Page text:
Richard Garrod was born in Los Angeles, California, and spent most of his working life in Monterey, California and currently lives in the city of Chula Vista, California. He was educated at the University of California, Santa Barbara (B.A.) and the University of California, Berkeley (M.A.).

Garrod also majored in photography at Pasadena City College and studied at private workshops with Ansel Adams, Brett Weston, and Minor White. In 1954, Garrod met Edward Weston and in 1955 was a student in Ansel Adams’s first postwar workshop at Yosemite. Following these meetings, Garrod’s work developed into an intense involvement in fine art photography.

Garrod has taught photography workshops for more than 25 years, including Ansel Adams’s Workshop at Yosemite, University of California-Santa Cruz Extension, Center for Photographic Art, Carmel, CA, Friends of Photography, Charles Farmer Workshops, Monterey Peninsula College, Newport School of Photography, David Ashcraft Gallery, Oakhurst, CA, and The Photographic Center of Monterey Peninsula, as well as his own private workshops.

In 1961, Art in America magazine selected Garrod as one of the top 40 “New Talent USA” members and one of the seven featured photographers.

Garrod’s photographs have been printed in several photography publications, including books, magazines, catalogs, corporate annual reports, cards, calendars, posters, and appointment books. They have appeared in more than 50 solo and group exhibitions, including George Eastman House; Friends of Photography; University of Oregon; University of California; Museum of Art, Little Rock, AR; Southwestern University, Georgetown, TX; Seattle University; and Vision Gallery, San Francisco. His prints are in many private and institutional collections, including the Smithsonian Institution, George Eastman House, Polaroid Corporation, and the Oakland Museum of Art. In Japan, prints are held by the National Museum of Art, Kyoto, and the Osaka Prefectural Art Museum.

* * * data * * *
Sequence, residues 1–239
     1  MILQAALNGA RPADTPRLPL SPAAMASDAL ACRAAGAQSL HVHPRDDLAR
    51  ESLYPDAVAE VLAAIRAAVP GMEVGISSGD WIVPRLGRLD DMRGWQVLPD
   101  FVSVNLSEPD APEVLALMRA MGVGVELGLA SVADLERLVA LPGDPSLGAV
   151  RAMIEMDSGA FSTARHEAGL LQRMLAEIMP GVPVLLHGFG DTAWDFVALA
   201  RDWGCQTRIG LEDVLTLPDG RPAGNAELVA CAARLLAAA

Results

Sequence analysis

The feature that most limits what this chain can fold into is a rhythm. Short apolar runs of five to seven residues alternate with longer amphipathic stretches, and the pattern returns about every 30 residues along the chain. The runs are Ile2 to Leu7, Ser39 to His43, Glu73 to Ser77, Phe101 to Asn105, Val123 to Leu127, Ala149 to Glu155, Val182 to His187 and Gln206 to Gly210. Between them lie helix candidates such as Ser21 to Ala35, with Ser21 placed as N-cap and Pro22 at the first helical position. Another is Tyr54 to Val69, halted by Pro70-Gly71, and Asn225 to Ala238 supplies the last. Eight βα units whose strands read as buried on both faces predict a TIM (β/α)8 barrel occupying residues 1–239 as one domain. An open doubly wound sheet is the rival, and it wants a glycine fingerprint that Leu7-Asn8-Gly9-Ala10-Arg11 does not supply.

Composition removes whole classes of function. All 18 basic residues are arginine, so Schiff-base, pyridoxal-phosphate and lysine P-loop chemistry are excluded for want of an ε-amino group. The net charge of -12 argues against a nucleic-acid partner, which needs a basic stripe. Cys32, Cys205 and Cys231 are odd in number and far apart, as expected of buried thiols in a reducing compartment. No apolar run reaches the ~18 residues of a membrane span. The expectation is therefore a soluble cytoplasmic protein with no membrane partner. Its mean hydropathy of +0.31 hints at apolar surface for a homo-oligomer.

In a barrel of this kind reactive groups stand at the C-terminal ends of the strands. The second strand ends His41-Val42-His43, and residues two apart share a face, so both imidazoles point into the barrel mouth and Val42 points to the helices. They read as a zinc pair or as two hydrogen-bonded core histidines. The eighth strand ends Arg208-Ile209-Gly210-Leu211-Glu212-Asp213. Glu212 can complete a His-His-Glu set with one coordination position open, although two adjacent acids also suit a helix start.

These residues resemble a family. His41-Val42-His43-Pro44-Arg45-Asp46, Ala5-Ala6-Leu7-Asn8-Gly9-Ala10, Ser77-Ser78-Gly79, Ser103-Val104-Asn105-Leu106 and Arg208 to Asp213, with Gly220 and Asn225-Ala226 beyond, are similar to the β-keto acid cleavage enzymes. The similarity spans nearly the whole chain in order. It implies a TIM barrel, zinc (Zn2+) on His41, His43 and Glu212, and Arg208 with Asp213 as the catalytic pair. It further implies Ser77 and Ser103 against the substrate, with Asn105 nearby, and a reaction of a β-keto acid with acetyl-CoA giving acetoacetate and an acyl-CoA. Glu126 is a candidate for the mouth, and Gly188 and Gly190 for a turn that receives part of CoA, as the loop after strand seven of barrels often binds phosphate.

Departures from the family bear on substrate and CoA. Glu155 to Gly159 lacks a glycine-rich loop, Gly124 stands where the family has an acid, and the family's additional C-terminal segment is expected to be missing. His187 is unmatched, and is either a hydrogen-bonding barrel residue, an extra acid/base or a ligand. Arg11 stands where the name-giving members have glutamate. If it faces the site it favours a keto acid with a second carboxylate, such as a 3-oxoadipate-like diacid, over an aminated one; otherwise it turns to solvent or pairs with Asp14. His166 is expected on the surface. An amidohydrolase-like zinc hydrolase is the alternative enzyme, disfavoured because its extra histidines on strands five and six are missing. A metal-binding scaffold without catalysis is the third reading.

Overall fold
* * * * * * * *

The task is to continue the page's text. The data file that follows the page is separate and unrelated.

Initially Garrod was inspired by the photographic tonal range of the contact print. The sensitivity and beauty of this work led to a 15-year period of working with an 8″ x 10″ view camera and a special concentration on printmaking. In recent years, he has also become involved with smaller format work, including 4″ x 5″ and 120 roll film cameras, believing that this would permit a broader vision. He works with both black and white and color transparency materials. His color prints are in the Ilfochrome process and also in the digital Laser Light process.

Garrod’s landscapes have become increasingly abstract, yet he remains grounded in the visual world, the reference point for understanding his designs and images. He works primarily in the area of “straight” photography, the direct use of camera and lense, and with the silver image. However, his variety of subject matter, darkroom manipulations, and processing choices results in a range of photographs from the strongly abstract to more traditional images.

In the introduction to the book Garrod and Gilpin Photographs, Ansel Adams referred to Garrod’s work as displaying “. . . a great solidity and constant awareness of beauty.” Glen Wessels, emeritus professor of art at the University of California, said, “Garrod deals poetically with any subject matter and enlightens us with his perception and selectivity. He has a gift of making apparently unimportant visual events important by the way he sees them. A very ordinary assemblage of forms is given significance by his insight, and the viewer shares this vision through his excellent prints.”